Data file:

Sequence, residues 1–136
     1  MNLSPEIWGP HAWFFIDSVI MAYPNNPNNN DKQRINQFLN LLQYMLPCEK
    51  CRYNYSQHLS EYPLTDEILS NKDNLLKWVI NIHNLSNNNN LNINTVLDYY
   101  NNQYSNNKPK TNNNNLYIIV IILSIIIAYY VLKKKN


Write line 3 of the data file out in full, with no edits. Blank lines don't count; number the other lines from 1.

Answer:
    51  CRYNYSQHLS EYPLTDEILS NKDNLLKWVI NIHNLSNNNN LNINTVLDYY